American Claire Stewart is thrilled to be doing her part, working with the French Resistance alongside her dear friend Arnaud, evacuating Jewish children. But when she finds herself stranded in England with 5 Jewish children, she throws herself on the mercy of her estranged Aunt Miranda, whom she has never met.
As Claire and the children settle into Bluebell Wood, they struggle to live in peace with the nearby villagers who aren't fond of Jews or Americans. As Aunt Miranda and her staff warm to Claire and the children, Claire finds herself feeling restless and trapped away from the frontlines, with little to inspire her writer's muse.
When fellow American David Campbell moves into Bluebell Wood as a boarder he brings cheer, captivating the children, and unsettling Claire who finds herself intrigued by the wise and charismatic David, questioning her feelings for Arnaud.
Until We Find Home is a beautiful tale set in the English countryside during WWII. Seemingly simple, without the intensity of the frontlines, the story is misleadingly unassuming. Claire struggles to care for the children, clothing and feeding is easy enough with the help of her aunt and Mrs. Newsome, but she holds herself back from holding them close in the absence of their parents. As Mr.. David and other Jewish children join them from Germany, she finds herself challenged by David and Mr. C.S. Lewis's writings and radio program, as the children capture her heart and bond together to make it through the war.
Claire isn't the most likable character in the beginning, but as the story progresses and we start to understand her life, everything makes sense and she is every bit the strong, loving, fierce, and compassionate heroine she was meant to be. I like how she and her Aunt Miranda's relationship grows, it is realistically slow to form, as they are both cautious, but so much more poignant because of it.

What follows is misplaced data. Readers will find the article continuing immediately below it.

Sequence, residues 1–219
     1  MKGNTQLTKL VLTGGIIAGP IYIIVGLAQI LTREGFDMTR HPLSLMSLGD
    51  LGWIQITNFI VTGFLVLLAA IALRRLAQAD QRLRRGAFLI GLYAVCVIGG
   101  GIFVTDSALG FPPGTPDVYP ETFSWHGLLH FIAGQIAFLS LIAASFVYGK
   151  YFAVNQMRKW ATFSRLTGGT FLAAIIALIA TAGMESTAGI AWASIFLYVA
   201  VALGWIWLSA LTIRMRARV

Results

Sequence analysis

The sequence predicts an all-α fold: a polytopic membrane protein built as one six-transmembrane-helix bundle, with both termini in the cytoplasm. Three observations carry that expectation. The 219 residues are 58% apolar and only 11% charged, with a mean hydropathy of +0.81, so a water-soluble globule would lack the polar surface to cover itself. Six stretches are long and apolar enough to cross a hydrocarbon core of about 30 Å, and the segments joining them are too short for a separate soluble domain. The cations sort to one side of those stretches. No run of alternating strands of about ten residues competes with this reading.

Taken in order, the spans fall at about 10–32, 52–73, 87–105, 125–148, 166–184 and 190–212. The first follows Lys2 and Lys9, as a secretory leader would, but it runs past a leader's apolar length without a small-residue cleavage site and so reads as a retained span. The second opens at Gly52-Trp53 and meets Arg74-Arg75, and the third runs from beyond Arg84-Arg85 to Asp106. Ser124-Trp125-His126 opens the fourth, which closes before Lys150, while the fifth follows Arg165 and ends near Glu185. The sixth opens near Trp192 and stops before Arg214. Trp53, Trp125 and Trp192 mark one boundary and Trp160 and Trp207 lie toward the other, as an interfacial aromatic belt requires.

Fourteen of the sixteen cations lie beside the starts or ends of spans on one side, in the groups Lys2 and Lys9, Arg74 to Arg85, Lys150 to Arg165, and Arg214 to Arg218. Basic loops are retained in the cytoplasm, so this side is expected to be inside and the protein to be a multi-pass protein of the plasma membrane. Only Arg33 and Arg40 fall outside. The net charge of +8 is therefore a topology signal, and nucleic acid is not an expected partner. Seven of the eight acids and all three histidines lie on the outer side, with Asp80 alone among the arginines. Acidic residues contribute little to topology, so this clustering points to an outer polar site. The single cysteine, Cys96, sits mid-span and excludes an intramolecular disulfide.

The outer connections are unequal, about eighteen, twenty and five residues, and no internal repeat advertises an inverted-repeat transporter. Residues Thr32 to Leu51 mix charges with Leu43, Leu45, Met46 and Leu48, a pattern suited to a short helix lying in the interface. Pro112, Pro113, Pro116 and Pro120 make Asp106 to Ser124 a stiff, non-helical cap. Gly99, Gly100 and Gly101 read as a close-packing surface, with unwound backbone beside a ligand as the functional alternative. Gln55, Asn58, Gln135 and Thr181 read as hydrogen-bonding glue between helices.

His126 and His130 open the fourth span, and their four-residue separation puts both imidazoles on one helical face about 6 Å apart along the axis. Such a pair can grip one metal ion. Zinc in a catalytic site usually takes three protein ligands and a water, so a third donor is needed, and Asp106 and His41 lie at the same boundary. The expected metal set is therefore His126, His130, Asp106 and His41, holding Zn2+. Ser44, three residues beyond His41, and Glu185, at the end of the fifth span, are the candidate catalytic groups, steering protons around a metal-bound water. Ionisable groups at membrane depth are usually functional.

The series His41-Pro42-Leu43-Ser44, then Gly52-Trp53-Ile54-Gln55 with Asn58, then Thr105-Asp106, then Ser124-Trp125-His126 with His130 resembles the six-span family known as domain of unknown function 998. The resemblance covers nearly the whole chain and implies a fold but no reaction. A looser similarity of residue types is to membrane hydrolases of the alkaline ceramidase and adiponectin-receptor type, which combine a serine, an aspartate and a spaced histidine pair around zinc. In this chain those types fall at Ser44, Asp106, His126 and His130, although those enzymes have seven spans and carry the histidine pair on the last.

The children are precious, and it is impossible to resist the protective Josef, mischievous Gaston, and lovable Aimee, as well as the relationship that they have with each other and the other children. I like how Claire and the children coming to stay helped Miranda to start living more fully.
Overall, a fantastic read, I liked Claire's journey and how she came to understand that there was a reason for everything that happened, and wars aren't altogether fought on the frontlines. I liked how Claire was vulnerable and flawed, she wasn't perfect and selfless--in fact the opposite. But I related to her so much the more for it. David is mysterious, wise, and full of sunshine, and I like how he challenges Claire, and accepts her for who she is. I loved how Ms. Gohlke brought the English countryside of the 1940's to life, through the eyes of the evacuee children, with the loss, prejudice, boredom, and danger that came with it. A beautiful read from beginning to end, with great cameos from great contemporaries of the time, riveting, heartfelt, and well written. Highly recommend.
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